A woman in a yellow dress standing as the wind blows her hair

Last fall, sitting on the floor of my apartment after a few quiet minutes of meditation, I had a life-altering realization. I wanted to build something myself, and no amount of early-morning hustling and late-night brainstorming could compensate for the fact that I was, and always would be, a workaholic. 

I was a people-pleaser, and those early mornings and late nights were spent getting ahead. If I wanted to forge my own path, or even figure out what that path would be, then I had to quit my job and never have another oneat least in the way I’d always had jobs before. 

I wasted no time in telling my husband about my future plans. Surprisingly, he was more than supportive, and we started the uncomfortable process of readying ourselves for the biggest risk and lifestyle change of our lives. We paid off our debt by the end of year, made plans to move into a smaller (and significantly cheaper) apartment by spring and tentatively set a date of March 2020 as my cliff jump. 

The plan was to spend a few months resting and dreaming before finding a part-time job to help make ends meet while I worked on whatever my business launch was going to be. I imagined myself as a carefree barista on the weekends for a whilea job I had always idolized from my corporate, 60+ hour a week, high-pressure vantage point. We always think the grass is greener, don’t we? 

The first day of March we moved into our tiny new apartment and left for New York a week laterour last expensive vacation we would have for a while. There were only a few COVID-19 cases in the outer boroughs when we arrived, but by the time we flew back home to Charlotte, the entire country was shutting down, and I shut down with it. 

By the time we flew back home to Charlotte, the entire country was shutting down and I shut down with it. 

For more than a month, I didn’t even think about the fact that I was supposed to have been on a different path by now. I was focused on caring for my family, my team at work and nothing more than figuring out how to interact with as few people as possible when going out to get groceries. 

I can’t pinpoint when I started thinking about quitting again, but it was probably sooner than I’d like to admit. Every time I started to entertain the idea, I thought of all the friends who’d been laid off involuntarily. I felt guilty for even considering something that seemed so privileged and selfish.

I also started to experience fear for the first time since I’d dreamed up my new life more than six months ago. Would there even be any new ventures to start after this? How long until it ended? Would I get sick and be crippled with medical bills? What would people think of me?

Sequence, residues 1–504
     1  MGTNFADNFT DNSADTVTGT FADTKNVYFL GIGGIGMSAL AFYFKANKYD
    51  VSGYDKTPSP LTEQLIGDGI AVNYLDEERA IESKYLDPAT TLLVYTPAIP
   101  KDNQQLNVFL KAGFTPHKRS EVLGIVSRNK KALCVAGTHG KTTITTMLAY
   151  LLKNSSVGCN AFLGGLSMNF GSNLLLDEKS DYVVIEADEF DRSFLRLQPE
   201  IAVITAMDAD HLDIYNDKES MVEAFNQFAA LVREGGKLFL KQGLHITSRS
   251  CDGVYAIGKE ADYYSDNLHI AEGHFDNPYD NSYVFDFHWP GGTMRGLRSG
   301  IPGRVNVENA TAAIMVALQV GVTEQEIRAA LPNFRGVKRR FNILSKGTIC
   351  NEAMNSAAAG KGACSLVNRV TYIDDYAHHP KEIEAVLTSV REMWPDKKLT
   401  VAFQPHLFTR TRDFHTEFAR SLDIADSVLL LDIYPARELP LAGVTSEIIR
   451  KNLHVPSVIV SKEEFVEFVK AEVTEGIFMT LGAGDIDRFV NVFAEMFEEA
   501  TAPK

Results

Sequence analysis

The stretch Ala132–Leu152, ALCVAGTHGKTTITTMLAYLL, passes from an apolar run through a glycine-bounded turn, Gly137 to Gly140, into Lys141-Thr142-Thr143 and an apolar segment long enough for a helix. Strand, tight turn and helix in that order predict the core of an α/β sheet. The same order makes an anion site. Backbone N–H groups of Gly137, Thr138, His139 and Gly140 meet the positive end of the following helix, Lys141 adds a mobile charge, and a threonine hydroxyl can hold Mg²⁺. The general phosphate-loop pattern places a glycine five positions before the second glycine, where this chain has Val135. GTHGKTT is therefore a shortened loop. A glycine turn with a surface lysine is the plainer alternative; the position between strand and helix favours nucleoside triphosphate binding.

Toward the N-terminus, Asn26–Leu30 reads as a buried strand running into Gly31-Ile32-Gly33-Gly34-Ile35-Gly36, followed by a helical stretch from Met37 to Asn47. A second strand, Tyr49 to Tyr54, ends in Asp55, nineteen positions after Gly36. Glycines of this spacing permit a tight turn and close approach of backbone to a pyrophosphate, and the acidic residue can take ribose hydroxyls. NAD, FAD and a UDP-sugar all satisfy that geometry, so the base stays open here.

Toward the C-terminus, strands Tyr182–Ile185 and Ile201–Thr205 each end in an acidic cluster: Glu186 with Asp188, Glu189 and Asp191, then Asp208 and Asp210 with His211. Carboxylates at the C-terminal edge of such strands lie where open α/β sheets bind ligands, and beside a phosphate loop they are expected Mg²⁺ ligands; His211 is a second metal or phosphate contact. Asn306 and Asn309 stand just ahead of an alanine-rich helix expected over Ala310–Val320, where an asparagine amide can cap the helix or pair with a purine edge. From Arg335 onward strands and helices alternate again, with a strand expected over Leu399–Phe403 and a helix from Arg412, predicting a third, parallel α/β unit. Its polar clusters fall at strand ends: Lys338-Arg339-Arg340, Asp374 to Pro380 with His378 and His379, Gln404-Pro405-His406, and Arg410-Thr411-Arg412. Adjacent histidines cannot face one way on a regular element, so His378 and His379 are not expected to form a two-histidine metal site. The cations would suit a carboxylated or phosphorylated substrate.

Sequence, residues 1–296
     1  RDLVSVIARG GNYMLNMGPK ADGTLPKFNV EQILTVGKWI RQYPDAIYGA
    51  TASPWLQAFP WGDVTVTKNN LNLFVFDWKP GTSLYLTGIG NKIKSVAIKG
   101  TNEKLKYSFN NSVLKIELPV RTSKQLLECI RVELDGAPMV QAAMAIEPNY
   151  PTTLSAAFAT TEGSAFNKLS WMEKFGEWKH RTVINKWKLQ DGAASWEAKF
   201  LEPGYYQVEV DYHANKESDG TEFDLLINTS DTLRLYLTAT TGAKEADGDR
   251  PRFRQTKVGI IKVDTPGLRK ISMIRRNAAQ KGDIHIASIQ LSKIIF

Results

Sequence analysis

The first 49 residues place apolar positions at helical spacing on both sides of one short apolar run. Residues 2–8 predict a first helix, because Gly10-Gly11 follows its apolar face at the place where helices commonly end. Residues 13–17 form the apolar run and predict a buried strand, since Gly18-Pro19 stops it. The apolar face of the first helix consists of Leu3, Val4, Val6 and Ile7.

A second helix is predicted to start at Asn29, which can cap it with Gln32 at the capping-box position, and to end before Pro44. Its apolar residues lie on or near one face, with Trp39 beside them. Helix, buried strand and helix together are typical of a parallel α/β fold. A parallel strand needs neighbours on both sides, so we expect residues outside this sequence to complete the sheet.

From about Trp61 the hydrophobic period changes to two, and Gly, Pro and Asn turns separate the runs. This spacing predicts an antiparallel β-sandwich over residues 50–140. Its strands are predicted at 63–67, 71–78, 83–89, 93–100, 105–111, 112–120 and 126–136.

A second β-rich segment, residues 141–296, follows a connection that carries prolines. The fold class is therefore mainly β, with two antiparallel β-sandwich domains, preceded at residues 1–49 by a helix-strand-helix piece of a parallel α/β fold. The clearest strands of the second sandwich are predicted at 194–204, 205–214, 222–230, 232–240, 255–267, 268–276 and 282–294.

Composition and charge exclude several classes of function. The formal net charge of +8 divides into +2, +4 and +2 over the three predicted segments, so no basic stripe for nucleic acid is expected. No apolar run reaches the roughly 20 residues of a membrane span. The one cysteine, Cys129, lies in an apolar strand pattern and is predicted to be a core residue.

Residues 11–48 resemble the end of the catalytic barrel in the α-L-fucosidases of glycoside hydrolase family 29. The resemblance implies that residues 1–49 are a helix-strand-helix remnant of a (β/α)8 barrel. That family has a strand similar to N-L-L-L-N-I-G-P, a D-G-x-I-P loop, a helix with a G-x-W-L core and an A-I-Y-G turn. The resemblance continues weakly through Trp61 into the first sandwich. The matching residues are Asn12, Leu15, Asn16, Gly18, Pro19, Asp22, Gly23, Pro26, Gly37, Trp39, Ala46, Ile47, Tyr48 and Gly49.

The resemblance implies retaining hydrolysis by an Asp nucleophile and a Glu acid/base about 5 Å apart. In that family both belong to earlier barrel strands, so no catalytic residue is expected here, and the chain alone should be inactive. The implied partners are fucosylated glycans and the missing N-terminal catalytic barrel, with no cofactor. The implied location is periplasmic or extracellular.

In the midst of all of these feelings, I started writing. Much of it started simply with just the day’s events, but it quickly turned into personal revelations about what I thought success was and what the need for it had done to me as a person. I also wrote a lot about fear. 

When I finally made the decision to quit for a second time and worked up enough courage to put in my notice, I felt like I had conquered my fear. In reality, I simply chose to move toward my fear instead of shrinking away from it. 

I simply chose to move toward my fear instead of shrinking away from it. 

There are some types of fear that are there to protect you, and there are some types of fear that exist solely because of what we’ve chosen to believe about ourselves and the world around us. I was afraid of failing and, more importantly, of what people would think about me if I tried and didn’t make anything of it.

I understand now that it was this fear that kept me from making the jump earlier and doing what I felt was my path all along. I settled for the comfortability of a known entity instead of taking a risk and betting on myself. 

It’s been four months, and I’ve had no promising business ideas. I will not be going to work part-time as a barista either. My husband and I have learned to live on much less than I ever thought we could. 

However, I’ve kept writing. I’ve found it’s one of the most enlightening and rewarding things I’ve ever done. Like all of us, I wish these past months had never happened, but I am grateful for what they’ve taught me. I’m failing every day, but every day, I learn a little more. Whenever I start to feel afraid, I remind myself the only thing there is to lose is the chance for something incredible.

What fears have kept you from taking a risk or pursuing a dream? What false narratives are you believing because of fear?

Image via Melanie Acevedo, Darling Issue No. 11

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